U.K. Chancellor  of the Exchequer George Osborne said that tax increases and spending cuts will be necessary as Britain adjusts to life outside of the European Union after the electorate voted to leave the EU in the country's referendum last week.

"It's very clear that the country is going to be poorer as a result of what's happening to the economy," the Chancellor told BBC Radio Four.  "We absolutely have to show the country and the world that the government can live with our means."

When asked if that meant tax rises and spending cuts, Osborne, replied "Absolutely. But that decision will have to come under a new Prime Minister." He said there would be no "emergency budget," leaving all decisions to the new government.

Talk of tax rises will worry consumers and exacerbate concerns about a slowdown in U.K. growth in the aftermath of the Brexit vote. Goldman Sachs expects the U.K.'s GDP to expand by just 0.2% next year, compared with a forecast 2% growth before the Brexit vote.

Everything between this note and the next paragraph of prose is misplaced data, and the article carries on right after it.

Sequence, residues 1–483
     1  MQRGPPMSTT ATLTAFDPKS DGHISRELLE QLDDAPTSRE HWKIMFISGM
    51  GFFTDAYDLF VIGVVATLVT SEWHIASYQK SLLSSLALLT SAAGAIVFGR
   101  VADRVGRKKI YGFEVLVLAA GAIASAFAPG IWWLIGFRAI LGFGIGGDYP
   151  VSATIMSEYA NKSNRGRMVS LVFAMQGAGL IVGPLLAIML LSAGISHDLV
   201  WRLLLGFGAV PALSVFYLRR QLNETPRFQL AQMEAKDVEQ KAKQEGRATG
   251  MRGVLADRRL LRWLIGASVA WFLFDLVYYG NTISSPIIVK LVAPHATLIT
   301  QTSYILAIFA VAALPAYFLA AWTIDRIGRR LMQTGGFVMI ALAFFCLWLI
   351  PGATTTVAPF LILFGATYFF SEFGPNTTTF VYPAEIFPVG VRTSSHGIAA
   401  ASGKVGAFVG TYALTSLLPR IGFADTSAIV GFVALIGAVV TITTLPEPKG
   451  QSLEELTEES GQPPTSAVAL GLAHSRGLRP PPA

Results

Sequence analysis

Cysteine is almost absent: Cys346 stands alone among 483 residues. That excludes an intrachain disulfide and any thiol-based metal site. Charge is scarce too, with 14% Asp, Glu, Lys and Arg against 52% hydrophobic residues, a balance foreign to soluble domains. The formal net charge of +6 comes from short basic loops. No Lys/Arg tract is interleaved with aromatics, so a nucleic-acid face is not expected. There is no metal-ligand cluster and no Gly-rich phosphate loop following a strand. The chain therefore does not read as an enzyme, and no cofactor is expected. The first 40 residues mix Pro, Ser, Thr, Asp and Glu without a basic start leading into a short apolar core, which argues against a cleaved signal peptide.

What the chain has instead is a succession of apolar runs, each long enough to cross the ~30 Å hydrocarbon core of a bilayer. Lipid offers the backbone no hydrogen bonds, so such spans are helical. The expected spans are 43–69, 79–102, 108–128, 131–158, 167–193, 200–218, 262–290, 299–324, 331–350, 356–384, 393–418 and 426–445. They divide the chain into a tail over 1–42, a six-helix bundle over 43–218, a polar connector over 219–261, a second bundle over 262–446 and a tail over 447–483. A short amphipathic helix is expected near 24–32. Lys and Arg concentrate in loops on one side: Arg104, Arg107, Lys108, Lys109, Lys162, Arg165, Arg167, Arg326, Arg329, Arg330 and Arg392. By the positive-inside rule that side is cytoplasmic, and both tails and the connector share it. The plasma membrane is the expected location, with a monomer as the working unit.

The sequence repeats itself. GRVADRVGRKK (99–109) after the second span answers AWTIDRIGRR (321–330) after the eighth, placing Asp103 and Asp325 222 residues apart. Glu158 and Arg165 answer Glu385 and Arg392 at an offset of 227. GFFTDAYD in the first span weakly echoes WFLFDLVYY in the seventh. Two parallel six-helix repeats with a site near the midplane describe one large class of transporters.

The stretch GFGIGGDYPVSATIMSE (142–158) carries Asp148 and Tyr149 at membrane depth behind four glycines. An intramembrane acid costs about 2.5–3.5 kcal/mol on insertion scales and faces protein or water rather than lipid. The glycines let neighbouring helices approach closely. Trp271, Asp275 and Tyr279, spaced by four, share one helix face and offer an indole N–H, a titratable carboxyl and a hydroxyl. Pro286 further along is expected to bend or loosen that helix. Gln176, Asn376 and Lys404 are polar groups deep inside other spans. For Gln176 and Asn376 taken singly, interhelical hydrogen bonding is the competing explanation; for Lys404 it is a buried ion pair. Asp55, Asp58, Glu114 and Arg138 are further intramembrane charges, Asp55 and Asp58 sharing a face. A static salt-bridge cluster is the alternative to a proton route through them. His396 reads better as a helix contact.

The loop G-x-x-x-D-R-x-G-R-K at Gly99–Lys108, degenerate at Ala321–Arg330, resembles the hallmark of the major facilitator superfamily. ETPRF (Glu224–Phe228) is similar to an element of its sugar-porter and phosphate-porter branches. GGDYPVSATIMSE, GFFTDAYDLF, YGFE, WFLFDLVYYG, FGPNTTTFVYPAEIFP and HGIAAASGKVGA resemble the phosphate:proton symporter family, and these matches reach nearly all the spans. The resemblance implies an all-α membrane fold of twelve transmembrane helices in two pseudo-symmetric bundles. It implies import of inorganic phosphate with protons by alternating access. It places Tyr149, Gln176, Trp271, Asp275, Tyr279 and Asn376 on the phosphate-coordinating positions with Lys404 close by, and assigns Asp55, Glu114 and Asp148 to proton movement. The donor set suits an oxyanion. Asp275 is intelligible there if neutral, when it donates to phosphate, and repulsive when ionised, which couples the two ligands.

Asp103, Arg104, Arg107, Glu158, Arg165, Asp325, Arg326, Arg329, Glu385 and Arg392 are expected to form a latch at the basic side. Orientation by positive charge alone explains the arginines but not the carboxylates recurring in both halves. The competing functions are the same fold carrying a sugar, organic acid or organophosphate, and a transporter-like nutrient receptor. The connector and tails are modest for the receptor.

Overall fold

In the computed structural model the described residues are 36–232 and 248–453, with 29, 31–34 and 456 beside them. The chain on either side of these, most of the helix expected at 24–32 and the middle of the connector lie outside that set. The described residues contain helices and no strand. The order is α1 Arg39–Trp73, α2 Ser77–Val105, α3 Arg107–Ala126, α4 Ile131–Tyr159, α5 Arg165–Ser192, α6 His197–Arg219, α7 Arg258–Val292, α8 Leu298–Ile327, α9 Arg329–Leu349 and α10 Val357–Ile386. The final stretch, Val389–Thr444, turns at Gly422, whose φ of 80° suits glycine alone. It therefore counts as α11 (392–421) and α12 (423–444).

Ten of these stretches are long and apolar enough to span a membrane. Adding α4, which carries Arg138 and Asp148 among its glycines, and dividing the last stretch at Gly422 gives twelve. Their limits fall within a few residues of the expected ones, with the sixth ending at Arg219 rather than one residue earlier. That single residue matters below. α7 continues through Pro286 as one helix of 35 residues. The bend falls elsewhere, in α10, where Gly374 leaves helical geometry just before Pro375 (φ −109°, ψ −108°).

Prime Minister David Cameron stepped down in disgrace last Friday after 51.9% of the people voted to leave the EU, while 48.1% voted to remain. His resignation cleared the way for the election of a new Tory Party candidate to lead the government . Cameron said on Monday a leader would be installed by Sept. 2. Osborne ruled himself out of the running.

The country's shock decision to leave the EU has caused turmoil in financial markets across the world. Equities have lost about $3.6 trillion in value since the decision, and the pound hit a 31-year low against the dollar of $1.3151, before recovering to $1.3306 on Tuesday.

The U.K.'s benchmark FTSE 100 index on Friday was down as much as 8% before recovering to close the session down 3.2%. On Tuesday afternoon in London it was up 2.61%.

Fitch Ratings and S&P Global Ratings yesterday downgraded their credit ratings on U.K. government debt.

Of the recent market volatility, Osborne said, "I think we are in a prolonged period of economic adjustment in the U.K. We are adjusting to life outside the EU, and it will not be as rosy as life within the EU."